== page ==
In 1889 Edward Livingston and his wife Sarah Pollack Livingston hired revered architect George Thomas Tilden (1845-1919) to build their beautiful Cliffwood Street mansion – Osceola. (some sources report the build date as 1909).
It’s named for Osceola Mountain – one of the peaks of Yokun Ridge which would have been visible in the treeless days of the late 19th century.
Osceola Tour of Restored Interior
The current owners have restored the inside and outside to it’s glory including a new grey and cream paint job, restored plaster and wood exterior detail. Ventfort Hall’s Cornelia Gilder recently gave a talk on Osceola and we were able to also see the beautifully restored interior.
The house is described as Beaux Art, Renaissance with Colonial Revival details.
It is one of four houses in Lenox built by Rotch and Tilden.
Interestingly the second Mrs. George Morgan (Ventfort Hall) was Mrs. Livingston’s aunt. Skilled restorers Steve Baum and Jeffrey Gulick studied these Rotch and Tilden houses as well as others for clues on restoration of moldings and carpentry detail.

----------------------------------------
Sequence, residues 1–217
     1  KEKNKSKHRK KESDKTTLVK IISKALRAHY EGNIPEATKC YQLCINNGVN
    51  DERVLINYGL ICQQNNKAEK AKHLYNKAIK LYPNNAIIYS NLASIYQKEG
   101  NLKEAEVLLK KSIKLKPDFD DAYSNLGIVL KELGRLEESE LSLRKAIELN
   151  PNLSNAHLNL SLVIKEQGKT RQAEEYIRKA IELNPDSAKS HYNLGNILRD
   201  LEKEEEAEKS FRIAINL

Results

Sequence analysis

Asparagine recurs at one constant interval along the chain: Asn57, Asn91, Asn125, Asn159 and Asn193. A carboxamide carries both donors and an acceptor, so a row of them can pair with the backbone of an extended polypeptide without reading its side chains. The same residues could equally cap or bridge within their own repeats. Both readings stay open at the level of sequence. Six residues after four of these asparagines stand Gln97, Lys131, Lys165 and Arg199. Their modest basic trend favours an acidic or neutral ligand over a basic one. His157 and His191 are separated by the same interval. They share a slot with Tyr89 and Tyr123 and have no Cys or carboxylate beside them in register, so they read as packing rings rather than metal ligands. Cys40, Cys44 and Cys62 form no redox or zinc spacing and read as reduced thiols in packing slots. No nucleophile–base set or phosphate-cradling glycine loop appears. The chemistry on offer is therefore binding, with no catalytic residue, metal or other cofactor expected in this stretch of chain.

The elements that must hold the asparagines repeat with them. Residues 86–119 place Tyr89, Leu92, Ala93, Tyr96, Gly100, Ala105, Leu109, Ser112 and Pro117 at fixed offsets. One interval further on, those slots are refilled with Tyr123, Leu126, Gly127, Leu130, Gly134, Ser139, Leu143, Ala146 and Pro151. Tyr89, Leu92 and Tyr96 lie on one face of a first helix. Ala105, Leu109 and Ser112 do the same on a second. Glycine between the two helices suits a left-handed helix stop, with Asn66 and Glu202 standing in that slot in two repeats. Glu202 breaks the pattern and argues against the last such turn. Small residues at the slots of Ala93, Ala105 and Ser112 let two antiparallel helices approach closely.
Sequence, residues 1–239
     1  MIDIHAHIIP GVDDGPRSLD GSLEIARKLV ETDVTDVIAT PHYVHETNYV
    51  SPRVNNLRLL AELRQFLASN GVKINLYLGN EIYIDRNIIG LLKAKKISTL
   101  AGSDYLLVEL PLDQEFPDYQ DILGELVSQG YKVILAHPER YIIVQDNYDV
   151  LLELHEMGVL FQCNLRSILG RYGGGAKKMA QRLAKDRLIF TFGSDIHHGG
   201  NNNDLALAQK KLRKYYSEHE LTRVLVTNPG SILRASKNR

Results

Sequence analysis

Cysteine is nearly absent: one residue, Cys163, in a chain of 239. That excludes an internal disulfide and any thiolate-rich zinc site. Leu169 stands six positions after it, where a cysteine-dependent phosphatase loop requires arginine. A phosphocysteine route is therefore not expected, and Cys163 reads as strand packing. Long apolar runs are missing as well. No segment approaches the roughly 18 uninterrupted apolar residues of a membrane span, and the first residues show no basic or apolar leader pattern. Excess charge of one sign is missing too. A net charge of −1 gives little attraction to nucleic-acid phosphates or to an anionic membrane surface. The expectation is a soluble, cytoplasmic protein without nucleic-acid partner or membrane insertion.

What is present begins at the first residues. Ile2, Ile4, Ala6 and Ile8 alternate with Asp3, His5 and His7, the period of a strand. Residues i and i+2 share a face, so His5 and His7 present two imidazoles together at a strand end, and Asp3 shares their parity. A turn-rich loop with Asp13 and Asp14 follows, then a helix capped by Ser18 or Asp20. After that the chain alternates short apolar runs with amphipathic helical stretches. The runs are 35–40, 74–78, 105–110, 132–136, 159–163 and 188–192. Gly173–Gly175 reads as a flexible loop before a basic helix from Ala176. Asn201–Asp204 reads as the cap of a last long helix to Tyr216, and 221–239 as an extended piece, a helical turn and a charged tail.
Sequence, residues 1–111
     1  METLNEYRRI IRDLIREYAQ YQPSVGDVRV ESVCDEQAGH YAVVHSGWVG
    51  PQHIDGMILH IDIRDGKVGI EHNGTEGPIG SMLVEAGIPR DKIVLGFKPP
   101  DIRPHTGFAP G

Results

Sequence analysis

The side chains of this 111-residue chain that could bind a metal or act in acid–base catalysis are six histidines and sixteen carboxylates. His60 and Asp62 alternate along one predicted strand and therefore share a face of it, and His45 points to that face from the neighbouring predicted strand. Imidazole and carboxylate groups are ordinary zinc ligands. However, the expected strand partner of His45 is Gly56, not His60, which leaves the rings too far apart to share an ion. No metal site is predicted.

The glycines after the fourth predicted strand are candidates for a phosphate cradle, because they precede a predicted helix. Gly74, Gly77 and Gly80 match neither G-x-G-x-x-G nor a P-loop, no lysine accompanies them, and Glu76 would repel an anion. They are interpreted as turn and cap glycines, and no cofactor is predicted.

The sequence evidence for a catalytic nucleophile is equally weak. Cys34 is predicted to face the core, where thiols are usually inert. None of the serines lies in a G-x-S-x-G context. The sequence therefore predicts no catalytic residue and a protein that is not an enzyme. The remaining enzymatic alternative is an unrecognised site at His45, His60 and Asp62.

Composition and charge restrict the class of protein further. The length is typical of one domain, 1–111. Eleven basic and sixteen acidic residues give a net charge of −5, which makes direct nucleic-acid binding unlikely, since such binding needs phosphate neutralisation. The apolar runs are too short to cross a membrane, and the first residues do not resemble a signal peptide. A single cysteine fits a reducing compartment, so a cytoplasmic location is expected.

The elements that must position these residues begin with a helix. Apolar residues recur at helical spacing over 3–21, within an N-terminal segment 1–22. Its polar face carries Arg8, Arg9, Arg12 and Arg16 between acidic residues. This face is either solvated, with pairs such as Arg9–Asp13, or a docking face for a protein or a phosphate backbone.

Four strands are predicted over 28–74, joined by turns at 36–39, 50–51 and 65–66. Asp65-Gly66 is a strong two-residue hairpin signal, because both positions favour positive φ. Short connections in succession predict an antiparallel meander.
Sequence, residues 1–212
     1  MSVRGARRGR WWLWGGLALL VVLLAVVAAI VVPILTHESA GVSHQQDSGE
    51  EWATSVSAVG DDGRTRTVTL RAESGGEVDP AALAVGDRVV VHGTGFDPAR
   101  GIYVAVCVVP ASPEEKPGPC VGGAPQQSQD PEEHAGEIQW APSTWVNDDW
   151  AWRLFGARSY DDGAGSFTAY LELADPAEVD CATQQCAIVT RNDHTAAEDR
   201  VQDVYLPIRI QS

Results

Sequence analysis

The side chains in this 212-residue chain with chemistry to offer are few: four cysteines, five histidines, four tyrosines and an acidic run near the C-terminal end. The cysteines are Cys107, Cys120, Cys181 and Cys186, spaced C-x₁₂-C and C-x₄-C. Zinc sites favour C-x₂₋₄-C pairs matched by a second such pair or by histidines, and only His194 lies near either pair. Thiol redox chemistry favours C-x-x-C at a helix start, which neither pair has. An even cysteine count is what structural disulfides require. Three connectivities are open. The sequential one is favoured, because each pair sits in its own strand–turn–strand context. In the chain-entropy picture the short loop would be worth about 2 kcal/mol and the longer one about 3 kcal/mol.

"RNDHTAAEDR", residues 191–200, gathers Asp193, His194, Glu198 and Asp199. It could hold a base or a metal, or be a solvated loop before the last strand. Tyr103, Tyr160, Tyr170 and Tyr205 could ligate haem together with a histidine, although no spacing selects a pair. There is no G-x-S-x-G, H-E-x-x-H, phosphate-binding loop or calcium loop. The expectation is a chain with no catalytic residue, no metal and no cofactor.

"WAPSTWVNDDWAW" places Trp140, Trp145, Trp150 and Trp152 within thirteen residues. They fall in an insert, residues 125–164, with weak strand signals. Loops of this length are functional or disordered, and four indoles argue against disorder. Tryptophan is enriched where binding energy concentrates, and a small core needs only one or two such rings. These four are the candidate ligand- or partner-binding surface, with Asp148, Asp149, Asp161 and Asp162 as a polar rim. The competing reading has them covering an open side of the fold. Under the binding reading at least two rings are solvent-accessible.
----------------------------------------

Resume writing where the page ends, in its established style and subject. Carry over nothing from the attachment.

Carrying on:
The Livingston’s Gilded Age Life
It’s hard to imagine a more typical gilded age couple. Here they are in 1921 (passport photos):
Edward Livingston was part of the Livingston family that started life in America in 1686 with 160,000 acres in New York and New Jersey.
Married in 1882, Sarah Pollack Livingston also came from wealth. Her father was a major Pittsfield textile manufacturer. Their estate in Pittsfield, Grey Towers, encompassed acres of profitably subdivided land around Elm Street.
The Livingston family home on the Hudson had been rebuilt during the Revolutionary War and may have been one of the many places the peripatetic Livingston’s visited.
During the years they owned Osceola (1889-1921) the Livingston’s spent a good deal of time renting estates in England in hunt country and in Pau, France. In the Pyrenees, Pau was a Gilded Age rendezvous for fresh air, scenery and sports.
For much of the time they owned Osceola it was rented to other well known Lenox families including David Dana (who later purchased what is now known as the Birchwood Inn). The Livingston’s had limited involvement with Lenox social life and sold Osceola in 1921 to Ellen Barker, the widow of Albert Smith Barker. (Other sources say sold to Mrs. Dwight Collier).
Osceola in Recent Times
By 1966, Osceola had become a retreat house for General Electric. After passing through several other owners, the house was used as a bed and breakfast starting in 1986. The current owners have turned it back into a beautiful private residence.